Explain to patients why
Patients today are much more likely to question healthcare providers about their instructions, so be prepared to address their questions about why they need to stop taking supplements.
"If you tell them, `you have to stop herbal medications,’ they might think you don’t want them to take them because you’re a doctor," Guyuron says. He discusses specific conditions, consequences, or risks, rather than leading the patient to the assumption that he dislikes herbal medications. (See list of risks, right.)
CHOP created an education sheet that can be used to discuss prior medication/supplement use with patients and their families. (The forms that CHOP uses are included in the online issue of Same-Day Surgery. Go to www.reliasmedia.com and select "Access your newsletters." For assistance, contact customer service at (800) 688-2421 or firstname.lastname@example.org.)
Matarasso tells patients that calcium or vitamin D are fine, but fish oils and supplements that begin with "G" (garlic, ginko, etc.) are not OK. "They finally understand: Supplements can be in the same category as taking an aspirin, which is not advised," he says. He provides patients with a three-page list of medications and tells them to stop taking them two weeks before surgery. (See list with the online issue of Same-Day Surgery.) He tells patients if there is any question about whether to take their supplement, don’t take it. He says they should consult the list or call him. Matarasso tells them: "Unless you can tell me these things are essential, don’t take them." Patients normally are allowed to keep taking medication for hypertension and thyroid disease.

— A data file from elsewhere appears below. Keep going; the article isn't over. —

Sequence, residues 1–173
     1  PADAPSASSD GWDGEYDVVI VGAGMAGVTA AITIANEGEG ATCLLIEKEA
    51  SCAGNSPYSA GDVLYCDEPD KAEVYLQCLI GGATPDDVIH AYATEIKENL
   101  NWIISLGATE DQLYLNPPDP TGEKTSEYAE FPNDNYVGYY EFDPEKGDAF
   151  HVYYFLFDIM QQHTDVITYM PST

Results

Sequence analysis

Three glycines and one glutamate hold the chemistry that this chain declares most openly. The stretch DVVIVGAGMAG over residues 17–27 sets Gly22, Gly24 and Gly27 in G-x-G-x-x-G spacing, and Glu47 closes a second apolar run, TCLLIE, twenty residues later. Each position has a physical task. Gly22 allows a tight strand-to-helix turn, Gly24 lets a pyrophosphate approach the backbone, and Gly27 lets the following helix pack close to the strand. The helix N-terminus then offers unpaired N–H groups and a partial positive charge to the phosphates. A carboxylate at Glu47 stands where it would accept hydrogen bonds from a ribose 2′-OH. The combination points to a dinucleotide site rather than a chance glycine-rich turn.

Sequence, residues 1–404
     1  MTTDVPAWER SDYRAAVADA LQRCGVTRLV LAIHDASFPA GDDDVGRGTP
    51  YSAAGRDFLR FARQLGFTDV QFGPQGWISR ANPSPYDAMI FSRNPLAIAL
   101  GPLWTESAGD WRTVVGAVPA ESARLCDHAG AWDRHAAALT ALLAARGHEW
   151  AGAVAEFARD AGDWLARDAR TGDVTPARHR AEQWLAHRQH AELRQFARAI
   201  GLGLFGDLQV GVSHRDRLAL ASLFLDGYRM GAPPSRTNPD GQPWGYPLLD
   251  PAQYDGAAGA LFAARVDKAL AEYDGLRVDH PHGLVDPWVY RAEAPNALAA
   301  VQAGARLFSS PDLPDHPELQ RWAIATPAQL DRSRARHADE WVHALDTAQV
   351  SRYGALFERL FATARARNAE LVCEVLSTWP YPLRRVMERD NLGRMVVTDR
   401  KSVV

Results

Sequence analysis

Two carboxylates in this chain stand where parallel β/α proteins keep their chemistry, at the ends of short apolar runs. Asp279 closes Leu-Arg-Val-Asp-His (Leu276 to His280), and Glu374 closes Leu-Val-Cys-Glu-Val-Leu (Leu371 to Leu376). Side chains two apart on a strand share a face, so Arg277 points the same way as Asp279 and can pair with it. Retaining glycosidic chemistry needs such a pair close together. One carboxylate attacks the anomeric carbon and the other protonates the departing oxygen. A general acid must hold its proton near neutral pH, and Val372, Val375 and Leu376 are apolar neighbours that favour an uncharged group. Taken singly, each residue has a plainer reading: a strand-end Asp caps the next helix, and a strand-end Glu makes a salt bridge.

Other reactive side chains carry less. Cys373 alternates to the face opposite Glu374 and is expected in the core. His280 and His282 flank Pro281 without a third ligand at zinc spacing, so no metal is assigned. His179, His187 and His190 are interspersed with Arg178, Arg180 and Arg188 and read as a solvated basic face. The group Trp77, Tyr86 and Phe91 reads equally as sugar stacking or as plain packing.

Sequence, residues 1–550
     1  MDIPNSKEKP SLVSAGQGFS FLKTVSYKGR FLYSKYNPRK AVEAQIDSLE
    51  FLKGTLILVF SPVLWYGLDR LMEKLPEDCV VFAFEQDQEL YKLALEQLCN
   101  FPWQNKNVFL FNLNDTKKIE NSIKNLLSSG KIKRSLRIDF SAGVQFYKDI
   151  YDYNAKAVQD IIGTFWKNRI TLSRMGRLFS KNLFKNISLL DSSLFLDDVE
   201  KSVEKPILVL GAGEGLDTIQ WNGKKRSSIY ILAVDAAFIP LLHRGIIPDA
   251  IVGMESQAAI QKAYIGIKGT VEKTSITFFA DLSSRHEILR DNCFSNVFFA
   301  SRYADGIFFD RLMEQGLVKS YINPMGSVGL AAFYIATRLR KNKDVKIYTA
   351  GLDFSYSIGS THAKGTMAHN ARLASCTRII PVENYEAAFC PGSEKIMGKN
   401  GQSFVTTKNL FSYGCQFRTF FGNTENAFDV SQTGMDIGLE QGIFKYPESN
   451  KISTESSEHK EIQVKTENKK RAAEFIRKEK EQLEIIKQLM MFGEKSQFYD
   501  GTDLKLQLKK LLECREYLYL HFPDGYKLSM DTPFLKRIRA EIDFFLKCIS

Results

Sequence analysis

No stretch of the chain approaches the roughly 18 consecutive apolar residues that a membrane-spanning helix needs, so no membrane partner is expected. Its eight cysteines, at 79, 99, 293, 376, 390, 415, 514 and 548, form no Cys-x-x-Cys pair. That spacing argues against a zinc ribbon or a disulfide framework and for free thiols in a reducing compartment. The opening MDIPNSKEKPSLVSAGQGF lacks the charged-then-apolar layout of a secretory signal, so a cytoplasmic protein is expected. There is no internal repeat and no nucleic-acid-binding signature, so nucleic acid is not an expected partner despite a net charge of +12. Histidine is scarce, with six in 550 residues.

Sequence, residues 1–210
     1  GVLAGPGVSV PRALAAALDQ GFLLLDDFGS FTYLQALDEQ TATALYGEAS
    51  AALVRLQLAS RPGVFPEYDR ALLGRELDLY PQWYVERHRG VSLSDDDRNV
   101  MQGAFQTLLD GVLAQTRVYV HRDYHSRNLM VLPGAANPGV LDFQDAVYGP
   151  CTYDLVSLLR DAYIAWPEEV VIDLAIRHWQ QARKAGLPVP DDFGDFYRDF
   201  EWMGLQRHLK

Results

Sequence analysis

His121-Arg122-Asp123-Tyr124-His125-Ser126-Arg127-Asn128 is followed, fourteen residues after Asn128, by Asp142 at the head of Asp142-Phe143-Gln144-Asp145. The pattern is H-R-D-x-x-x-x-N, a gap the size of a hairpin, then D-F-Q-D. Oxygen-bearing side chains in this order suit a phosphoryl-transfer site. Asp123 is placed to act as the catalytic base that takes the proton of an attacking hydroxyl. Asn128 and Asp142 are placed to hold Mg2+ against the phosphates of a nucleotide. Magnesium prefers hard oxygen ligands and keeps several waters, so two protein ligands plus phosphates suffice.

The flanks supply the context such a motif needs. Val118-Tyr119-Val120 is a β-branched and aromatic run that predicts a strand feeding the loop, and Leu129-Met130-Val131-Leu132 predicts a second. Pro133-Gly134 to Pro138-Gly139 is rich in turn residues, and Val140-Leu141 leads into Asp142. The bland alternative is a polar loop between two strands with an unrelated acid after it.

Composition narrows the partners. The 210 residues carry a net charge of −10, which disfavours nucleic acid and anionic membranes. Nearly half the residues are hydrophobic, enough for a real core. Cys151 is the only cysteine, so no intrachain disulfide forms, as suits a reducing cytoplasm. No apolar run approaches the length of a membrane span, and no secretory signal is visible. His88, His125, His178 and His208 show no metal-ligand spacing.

By taking these steps to stop supplement use before surgery, the patient is less likely to develop problems with bleeding, which is the number one complication from surgery, or other complications. "Controlling every step of the operation and the perioperative period is essential to achieving a safe and satisfying outcome," Matarasso wrote.3
- Children’s Hospital of Philadelphia. Children’s Hospital of Philadelphia becomes first in nation to disallow use of dietary supplements. Oct. 8, 2013. Accessed at http://bit.ly/17wlTbE.
- Zwiebel SJ, Lee M, Alleyne B. The incidence of vitamin, mineral, herbal, and other supplement use in facial cosmetic patients. Plastic & Recon Surg 2013; 132:78-82; doi: 10.1097/PRS.0b013e3182910cd9.
- Matarasso A. Discussion: The incidence of vitamin, mineral, herbal, and other supplement use in facial cosmetic patients. plastic and reconstructive surgery. Plastic & Recon Surg 2013; 132:83-34; doi:10.1097/PRS.0b013e31829491e7.